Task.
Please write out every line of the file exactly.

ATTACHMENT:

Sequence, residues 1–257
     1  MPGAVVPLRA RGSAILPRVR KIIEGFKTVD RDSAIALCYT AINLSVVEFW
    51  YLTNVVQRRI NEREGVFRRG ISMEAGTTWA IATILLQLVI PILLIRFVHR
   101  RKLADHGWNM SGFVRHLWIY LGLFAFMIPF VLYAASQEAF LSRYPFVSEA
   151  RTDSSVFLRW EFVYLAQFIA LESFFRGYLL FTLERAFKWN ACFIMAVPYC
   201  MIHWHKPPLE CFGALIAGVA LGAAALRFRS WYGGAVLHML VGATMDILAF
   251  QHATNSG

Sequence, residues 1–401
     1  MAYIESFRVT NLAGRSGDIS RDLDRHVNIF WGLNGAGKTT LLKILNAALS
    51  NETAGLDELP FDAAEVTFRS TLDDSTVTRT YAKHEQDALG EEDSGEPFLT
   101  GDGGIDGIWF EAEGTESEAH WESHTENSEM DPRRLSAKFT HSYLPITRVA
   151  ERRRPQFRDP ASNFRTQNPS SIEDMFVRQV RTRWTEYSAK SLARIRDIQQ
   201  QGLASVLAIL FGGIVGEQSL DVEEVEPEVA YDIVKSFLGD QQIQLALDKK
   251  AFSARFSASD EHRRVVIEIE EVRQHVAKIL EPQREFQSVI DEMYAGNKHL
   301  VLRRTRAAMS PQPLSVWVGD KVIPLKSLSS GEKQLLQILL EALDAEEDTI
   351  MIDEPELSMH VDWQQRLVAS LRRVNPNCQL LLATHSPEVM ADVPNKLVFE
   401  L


Sequence, residues 1–257
     1  MPGAVVPLRA RGSAILPRVR KIIEGFKTVD RDSAIALCYT AINLSVVEFW
    51  YLTNVVQRRI NEREGVFRRG ISMEAGTTWA IATILLQLVI PILLIRFVHR
   101  RKLADHGWNM SGFVRHLWIY LGLFAFMIPF VLYAASQEAF LSRYPFVSEA
   151  RTDSSVFLRW EFVYLAQFIA LESFFRGYLL FTLERAFKWN ACFIMAVPYC
   201  MIHWHKPPLE CFGALIAGVA LGAAALRFRS WYGGAVLHML VGATMDILAF
   251  QHATNSG

Sequence, residues 1–401
     1  MAYIESFRVT NLAGRSGDIS RDLDRHVNIF WGLNGAGKTT LLKILNAALS
    51  NETAGLDELP FDAAEVTFRS TLDDSTVTRT YAKHEQDALG EEDSGEPFLT
   101  GDGGIDGIWF EAEGTESEAH WESHTENSEM DPRRLSAKFT HSYLPITRVA
   151  ERRRPQFRDP ASNFRTQNPS SIEDMFVRQV RTRWTEYSAK SLARIRDIQQ
   201  QGLASVLAIL FGGIVGEQSL DVEEVEPEVA YDIVKSFLGD QQIQLALDKK
   251  AFSARFSASD EHRRVVIEIE EVRQHVAKIL EPQREFQSVI DEMYAGNKHL
   301  VLRRTRAAMS PQPLSVWVGD KVIPLKSLSS GEKQLLQILL EALDAEEDTI
   351  MIDEPELSMH VDWQQRLVAS LRRVNPNCQL LLATHSPEVM ADVPNKLVFE
   401  L